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Foraging for fungi

Joe Buley, a chef at New England Culinary Institute, offers some secrets for savory ‘shrooms.

Whether you pronounce it fun-jee, fun-ghee, or fun-guy, you know what we’re talking about — mushrooms. Recently “Today” went on a trip with the students of New England Culinary Institute who showed us how to forage for the elusive chanterelle mushroom. Joe Buley is a chef at the institute. He shares some tips for cooking mushrooms on “Today.” Check out the recipes here:


This dish makes a great side for grilled fish or chicken.

Makes four servings.


Fresh chanterelles: 4 ounces

Fresh corn (cut off the cob): 6 ears

Thyme (leaves only, chopped): 1/4 teaspoon

Shallot (finely chopped): 2 shallots

White wine: 3 ounces

Salt and pepper to taste

Butter 2 tablespoons


* Heat the butter in a large sauté pan over medium-high heat until it starts to bubble.

* Add the chanterelles and shallots and sauté about 2-3 minutes until the shallots begin to caramelize (turn brown).

* Add the thyme and corn. Stir gently to mix all the ingredients and cook for another 3 minutes until the corn becomes tender.

* Add the white wine and simmer for 1 minute.

* Adjust the seasoning with salt and pepper, and finish with a few drops of lemon juice to balance the flavor. Serve immediately.


This is a very simple and decadent way to eat chanterelles.

Makes four servings.


Chanterelles, cleaned: 4 ounces

Fresh focaccia: 4 pieces

Salt and pepper to taste

Garlic, peeled: 1 clove

Olive oil: 1 tablespoon

Butter : 2 teaspoons

White wine (dry)

Parsley (chopped)


* Slice the focaccia into 1/2-inch pieces. Brush each slice with olive oil, season with salt and pepper, and rub with the cut end of a garlic clove. Set the prepared bread aside for grilling later.

* Cut the chanterelles into fairly uniform 1/4 to 1/2 inch pieces.

* Heat the butter and olive in a small sauté pan over medium-high heat until it starts to bubble.

* Add the chopped chanterelles and sauté until they are tender (about 2-3 minutes, but this will depend on the water content of the mushrooms).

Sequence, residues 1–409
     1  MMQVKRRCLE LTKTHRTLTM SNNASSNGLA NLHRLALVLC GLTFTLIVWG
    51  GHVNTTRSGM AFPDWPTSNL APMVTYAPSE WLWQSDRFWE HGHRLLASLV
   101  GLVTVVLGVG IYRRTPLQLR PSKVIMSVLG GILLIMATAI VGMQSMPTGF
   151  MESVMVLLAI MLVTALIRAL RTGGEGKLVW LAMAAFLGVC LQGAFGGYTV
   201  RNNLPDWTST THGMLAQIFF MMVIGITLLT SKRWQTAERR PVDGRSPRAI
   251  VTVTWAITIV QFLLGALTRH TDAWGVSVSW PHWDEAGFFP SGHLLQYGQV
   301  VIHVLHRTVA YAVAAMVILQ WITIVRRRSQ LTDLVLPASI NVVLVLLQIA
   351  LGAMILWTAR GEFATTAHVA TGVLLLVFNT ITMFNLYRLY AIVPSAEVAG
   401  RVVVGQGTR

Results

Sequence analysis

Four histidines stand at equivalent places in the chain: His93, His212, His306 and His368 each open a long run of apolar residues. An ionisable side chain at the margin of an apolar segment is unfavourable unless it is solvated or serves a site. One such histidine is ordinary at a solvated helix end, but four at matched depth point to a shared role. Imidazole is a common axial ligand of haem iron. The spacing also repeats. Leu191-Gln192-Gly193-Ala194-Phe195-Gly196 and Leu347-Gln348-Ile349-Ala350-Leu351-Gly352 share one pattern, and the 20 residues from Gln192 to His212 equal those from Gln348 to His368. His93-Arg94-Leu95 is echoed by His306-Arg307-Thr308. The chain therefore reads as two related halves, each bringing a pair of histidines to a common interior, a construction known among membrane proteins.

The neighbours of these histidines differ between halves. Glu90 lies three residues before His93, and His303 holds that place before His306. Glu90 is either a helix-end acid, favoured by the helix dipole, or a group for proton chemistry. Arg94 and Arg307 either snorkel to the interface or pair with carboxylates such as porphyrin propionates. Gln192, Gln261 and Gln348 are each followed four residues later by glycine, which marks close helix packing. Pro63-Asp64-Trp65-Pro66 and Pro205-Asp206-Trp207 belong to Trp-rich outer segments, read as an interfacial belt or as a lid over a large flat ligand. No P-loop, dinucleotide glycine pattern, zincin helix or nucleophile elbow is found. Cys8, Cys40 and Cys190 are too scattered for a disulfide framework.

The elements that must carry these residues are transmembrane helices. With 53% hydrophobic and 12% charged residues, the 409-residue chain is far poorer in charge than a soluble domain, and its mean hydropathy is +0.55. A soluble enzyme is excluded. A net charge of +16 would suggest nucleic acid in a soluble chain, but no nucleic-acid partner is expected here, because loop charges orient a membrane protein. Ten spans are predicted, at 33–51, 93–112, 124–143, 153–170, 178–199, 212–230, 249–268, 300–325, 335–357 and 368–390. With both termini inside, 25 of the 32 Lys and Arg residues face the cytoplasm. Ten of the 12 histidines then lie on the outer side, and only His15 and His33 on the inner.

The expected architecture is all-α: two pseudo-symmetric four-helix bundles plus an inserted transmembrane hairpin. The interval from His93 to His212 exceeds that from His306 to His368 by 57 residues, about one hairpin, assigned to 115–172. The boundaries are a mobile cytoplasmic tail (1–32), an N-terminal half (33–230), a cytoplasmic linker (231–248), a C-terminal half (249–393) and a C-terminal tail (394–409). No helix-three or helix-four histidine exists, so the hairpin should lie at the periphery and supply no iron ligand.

* Finish the dish by adding the white wine, and cooking for another minute or two.

* At this time grill or toast the prepared focaccia

* Finally, pour the mushrooms onto the warm grilled focaccia, sprinkle each piece with a bit of chopped parsley, and serve immediately.


This is a great dinner entrée served over basmati rice or some other light grain.

Makes four servings.


Scallops (dry pack): 1 pound

Shallots (peeled and chopped): 2 shallot

Lemon: 1 lemon

Orange: 2 orange

White wine: 1 cup

Butter: 5 tablespoons

Scallions (chopped): 1 bunch

Prepare the citrus mixture:

* Collect a pinch of zest from both the lemon and the orange.

* Section one-third of the lemon and the entire oranges

* Collect 1/2 teaspoon of lemon juice, and all of the juice from the oranges.

* Mix all of the above together.


* Clean the scallops by removing the tiny side muscle, and sprinkle with salt and pepper.

* Heat the butter in a large sauté pan over medium heat. Place the scallops into the pan, and slowly brown them on one side.

* As the scallops begin to brown, add the chanterelles and the shallots. Turn the scallops over, and continue to cook the mixture on a medium flame.

* When the scallops become firm to the touch — almost a springy consistency, they are nearly done. At this point, turn the flame to high and add the citrus mixture and the white wine. It should boil furiously so that the liquids emulsify with the butter forming a nice sauce.

Add the scallions to the pan, then plate and serve.

Recipes provided by New England Culinary Institute in Montpelier, Vermont. Copyright 2003. All rights reserved. For more on the institute, you can visit their Web site at: